The bottom of the tailings boom is rotten. In days when the dredge, floated, gangways connected it to shore, it seemed. You can see the size of the pontoons under the boat here.
Coming to an inspirational poster near you… what should it read? ADVENTURE AWAITS? Don’t hang posters. Go outside.
The concrete walls, heavy steel blast doors, and plastic roof tell me that this was one of the shell loading buildings.
Originally, this part of the dock was reserved for the weather station.
Looking at the tallest part of the plant from a skeletal loading dock. Kodak Portra 160/Mamiya 6.
Looking up the Dominion Elevator’s tower. I especially like this picture because it shows how so much of the electrical conduits wound round through the mostly hollow space.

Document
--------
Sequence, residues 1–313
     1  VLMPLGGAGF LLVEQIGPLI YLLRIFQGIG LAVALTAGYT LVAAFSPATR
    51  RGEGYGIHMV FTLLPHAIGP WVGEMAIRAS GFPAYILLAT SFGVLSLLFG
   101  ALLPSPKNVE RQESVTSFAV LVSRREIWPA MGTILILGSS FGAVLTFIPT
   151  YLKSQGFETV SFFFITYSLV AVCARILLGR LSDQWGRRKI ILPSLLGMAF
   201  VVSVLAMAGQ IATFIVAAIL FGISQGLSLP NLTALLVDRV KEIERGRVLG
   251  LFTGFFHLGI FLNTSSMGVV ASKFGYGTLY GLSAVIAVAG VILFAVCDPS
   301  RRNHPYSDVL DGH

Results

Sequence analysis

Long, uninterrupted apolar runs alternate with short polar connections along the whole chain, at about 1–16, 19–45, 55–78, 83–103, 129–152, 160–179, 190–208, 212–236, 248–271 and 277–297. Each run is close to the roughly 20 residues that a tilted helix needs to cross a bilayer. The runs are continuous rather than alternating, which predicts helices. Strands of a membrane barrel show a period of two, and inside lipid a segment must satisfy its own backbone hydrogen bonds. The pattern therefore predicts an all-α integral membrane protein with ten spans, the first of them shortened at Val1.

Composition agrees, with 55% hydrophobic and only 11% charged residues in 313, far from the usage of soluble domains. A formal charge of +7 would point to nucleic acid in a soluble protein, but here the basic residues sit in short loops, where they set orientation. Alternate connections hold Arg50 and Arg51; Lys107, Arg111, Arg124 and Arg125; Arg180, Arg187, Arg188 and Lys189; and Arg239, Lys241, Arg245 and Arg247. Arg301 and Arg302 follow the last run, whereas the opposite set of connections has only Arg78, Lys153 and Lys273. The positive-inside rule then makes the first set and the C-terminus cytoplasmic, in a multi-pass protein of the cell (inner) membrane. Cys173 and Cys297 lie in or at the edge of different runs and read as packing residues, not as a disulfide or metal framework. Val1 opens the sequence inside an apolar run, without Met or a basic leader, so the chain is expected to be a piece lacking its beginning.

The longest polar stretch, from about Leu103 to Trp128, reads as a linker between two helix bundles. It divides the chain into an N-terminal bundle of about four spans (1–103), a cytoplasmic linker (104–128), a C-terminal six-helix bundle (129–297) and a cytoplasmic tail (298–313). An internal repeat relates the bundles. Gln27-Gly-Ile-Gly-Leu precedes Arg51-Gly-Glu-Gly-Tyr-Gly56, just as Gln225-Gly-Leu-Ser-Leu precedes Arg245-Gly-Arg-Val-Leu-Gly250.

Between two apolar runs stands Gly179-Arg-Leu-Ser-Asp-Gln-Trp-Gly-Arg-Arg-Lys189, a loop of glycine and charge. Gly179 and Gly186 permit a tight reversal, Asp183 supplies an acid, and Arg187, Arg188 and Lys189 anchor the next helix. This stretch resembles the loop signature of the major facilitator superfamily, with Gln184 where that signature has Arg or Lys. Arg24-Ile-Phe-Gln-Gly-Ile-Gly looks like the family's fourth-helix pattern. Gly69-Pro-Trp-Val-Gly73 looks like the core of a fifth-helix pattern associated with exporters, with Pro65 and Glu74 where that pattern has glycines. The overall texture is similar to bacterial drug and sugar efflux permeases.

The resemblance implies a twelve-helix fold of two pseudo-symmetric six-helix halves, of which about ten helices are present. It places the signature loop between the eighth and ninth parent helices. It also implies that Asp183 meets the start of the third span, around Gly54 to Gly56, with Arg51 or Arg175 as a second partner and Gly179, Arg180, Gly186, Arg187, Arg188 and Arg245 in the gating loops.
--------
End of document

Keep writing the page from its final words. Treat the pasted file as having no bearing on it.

Looking toward the Quenching Tower from the coal tower platform.
2005. This is very likely the oldest image I have on the website; I took this in the early 2000s with my first camera when I was new to the hobby. I still like it quite a lot.
When I first saw Ogilvie’s from the ground, I promised myself to look back when i found my way into this little pitched outcropping which seemed to have the best view of Thunder Bay I could imagine. It turns out, though, that there is no floor in that section; it is just extended machine access! Oh well. Mount McKay in the background in the last light.